The top tools millennials are using to keep their financial houses in order.
Technology is central to the lives of millennials and it is no different when it comes to managing finances.
Millennial birth years are typically between 1980 and 2000, and the millennial generation has been called “the always-connected generation,” because of their growing up with the internet, cell phones, social media, and a more connected world than any generation before them has known. It makes sense, then, that when it comes to handling something as significant as personal finances, millennials would naturally turn to technology to help answer their most pressing financial questions, increase their financial literacy, and help to manage their money. While the monetary goals of Generation Y may vary, one consistent millennial financial habit is an increased use of apps and other technology to help streamline their finances and reduce the stress of money management.
Here are some things that are helping millennials get a handle on their money and that financial institutions need to understand to market their services to this growing population.
While every millennial may not want to buy a house straight out of college, they do have financial goals and know that keeping an eye on their credit score is helpful in reaching many of those goals. CreditKarma, a credit monitoring website, has been around for a while and is appealing to millennials for many reasons. First, it’s free. Second, it’s extremely user friendly. Third, it offers instant access to credit scores to a generation that is used to getting data instantly. It offers unlimited credit reports as well as credit monitoring. Additionally, it has credit card comparison features and a library of resources to help millennials increase their financial literacy.
Research on the millennial generation indicates that opposite of the baby boomer generation, millennials are less likely to seek advice or information from a financial advisor, and instead will turn to technology such as the website Investopedia. This site wasn’t necessarily designed with Millennials in mind, but it takes financial information and makes it very digestible. It not only delivers current news in finance and financial industries, it provides a robust library of resources to address everything a beginner would need to know, including information on 401ks, IRAs, and money markets, among other things. It also helps answer questions such as how to finance an education, pay down debt, buy a house, save for a life event such as a wedding or vacation, or plan for a child’s education.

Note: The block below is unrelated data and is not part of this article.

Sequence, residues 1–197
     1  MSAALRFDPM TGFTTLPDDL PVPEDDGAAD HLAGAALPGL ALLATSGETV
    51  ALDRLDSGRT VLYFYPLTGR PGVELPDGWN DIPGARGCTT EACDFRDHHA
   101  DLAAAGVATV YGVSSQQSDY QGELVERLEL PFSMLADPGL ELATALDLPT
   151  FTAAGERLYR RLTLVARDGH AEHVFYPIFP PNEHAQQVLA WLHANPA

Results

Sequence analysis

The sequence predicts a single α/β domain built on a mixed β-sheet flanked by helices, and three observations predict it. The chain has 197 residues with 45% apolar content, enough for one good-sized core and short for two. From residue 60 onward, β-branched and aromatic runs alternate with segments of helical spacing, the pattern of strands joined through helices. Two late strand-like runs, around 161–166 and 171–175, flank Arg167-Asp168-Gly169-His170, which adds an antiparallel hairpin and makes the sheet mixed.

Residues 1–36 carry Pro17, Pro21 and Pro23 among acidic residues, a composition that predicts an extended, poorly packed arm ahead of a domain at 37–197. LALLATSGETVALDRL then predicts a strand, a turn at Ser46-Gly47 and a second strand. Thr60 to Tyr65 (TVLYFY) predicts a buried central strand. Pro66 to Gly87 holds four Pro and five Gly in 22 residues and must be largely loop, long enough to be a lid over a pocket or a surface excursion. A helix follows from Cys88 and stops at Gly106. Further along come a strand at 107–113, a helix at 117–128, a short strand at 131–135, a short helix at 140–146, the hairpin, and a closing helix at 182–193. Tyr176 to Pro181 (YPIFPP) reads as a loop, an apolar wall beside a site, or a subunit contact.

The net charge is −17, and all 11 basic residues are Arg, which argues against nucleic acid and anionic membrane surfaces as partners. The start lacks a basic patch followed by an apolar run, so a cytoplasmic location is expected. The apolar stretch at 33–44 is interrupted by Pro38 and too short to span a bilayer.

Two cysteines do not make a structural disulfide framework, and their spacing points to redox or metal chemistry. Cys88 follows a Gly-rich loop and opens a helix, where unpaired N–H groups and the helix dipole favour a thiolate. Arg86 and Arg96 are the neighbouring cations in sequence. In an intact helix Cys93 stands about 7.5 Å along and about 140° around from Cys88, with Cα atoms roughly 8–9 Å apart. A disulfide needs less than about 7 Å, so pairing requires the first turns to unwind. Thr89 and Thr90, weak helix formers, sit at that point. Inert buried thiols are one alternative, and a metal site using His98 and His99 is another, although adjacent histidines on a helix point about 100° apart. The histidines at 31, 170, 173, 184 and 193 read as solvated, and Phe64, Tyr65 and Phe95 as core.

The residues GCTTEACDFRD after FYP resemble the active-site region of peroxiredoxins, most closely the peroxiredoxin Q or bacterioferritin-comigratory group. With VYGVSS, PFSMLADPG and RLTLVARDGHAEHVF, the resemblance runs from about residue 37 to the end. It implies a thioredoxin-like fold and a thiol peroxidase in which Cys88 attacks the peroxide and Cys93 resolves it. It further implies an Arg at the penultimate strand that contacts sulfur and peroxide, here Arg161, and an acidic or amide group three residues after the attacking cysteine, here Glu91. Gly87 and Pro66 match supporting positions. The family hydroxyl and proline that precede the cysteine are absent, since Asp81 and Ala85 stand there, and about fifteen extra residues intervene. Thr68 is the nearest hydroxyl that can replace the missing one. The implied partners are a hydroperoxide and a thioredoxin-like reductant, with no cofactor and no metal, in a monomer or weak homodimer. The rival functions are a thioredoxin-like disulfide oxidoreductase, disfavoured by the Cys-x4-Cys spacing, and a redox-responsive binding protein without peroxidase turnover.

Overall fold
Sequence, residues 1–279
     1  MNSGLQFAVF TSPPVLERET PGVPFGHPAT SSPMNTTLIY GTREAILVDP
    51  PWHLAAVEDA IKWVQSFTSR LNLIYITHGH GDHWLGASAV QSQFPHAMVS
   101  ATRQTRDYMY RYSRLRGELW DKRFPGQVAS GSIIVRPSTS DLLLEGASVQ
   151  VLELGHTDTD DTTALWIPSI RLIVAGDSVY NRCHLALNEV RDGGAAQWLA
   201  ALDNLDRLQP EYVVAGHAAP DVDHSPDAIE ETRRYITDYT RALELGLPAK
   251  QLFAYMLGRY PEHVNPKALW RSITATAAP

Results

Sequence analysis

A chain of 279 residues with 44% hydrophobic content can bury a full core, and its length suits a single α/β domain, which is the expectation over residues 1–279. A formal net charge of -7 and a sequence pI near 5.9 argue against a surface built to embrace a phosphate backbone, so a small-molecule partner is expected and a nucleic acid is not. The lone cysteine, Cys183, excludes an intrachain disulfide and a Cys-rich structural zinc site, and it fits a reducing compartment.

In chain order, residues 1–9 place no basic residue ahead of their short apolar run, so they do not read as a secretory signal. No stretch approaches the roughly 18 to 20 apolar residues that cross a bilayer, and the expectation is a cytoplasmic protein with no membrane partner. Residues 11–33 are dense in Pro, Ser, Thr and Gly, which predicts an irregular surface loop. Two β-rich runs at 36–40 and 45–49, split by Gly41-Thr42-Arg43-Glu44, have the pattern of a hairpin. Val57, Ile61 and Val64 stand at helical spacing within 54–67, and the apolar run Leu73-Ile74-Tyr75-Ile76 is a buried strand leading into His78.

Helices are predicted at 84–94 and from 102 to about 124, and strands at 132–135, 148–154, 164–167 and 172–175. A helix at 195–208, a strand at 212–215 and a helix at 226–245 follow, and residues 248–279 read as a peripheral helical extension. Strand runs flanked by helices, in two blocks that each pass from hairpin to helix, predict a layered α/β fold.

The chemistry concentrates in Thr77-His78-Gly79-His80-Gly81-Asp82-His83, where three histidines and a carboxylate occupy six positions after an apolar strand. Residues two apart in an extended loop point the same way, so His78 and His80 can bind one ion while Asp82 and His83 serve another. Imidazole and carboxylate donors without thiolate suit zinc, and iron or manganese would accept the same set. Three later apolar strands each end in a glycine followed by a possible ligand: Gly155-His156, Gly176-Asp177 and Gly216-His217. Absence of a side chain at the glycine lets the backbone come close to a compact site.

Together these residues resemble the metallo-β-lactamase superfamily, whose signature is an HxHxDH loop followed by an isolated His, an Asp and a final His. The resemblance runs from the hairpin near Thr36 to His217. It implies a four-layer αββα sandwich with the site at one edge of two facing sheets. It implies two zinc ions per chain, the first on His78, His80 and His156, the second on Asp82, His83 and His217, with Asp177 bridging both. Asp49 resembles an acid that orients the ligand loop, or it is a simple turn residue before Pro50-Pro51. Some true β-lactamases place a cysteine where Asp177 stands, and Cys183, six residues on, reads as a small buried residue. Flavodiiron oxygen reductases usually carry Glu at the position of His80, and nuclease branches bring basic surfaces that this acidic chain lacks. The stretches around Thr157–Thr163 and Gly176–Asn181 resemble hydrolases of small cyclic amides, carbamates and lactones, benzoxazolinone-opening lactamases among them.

Millennials’ financial habits are often supported by budgeting. Mint is a free, easy-to-use service that tracks both spending and bill due dates. It allows users to create a budget and compare it to their spending and even offers suggestions on ways to alter spending. Mint can be set to alert users when bills are due, as well as when they have gone over a budget in certain areas. Because it’s so customizable, it’s a popular choice when it comes to budgeting tools among millennials.
There are plenty of ways in which technology has changed how millennials approach finances, including online-only banks and automatic savings apps, all of which have helped to increase millennials’ financial literacy and make sense of their own financial goals. Like many areas of this generation’s life, technology has helped to manage millennials’ financial habits, often through offering solutions that are free, easy to use, customizable, and help them understand and reach their goals. It is critically important that financial institutions understand millennials’ perspective on financial management in order to connect with them and offer services that fit their lifestyle.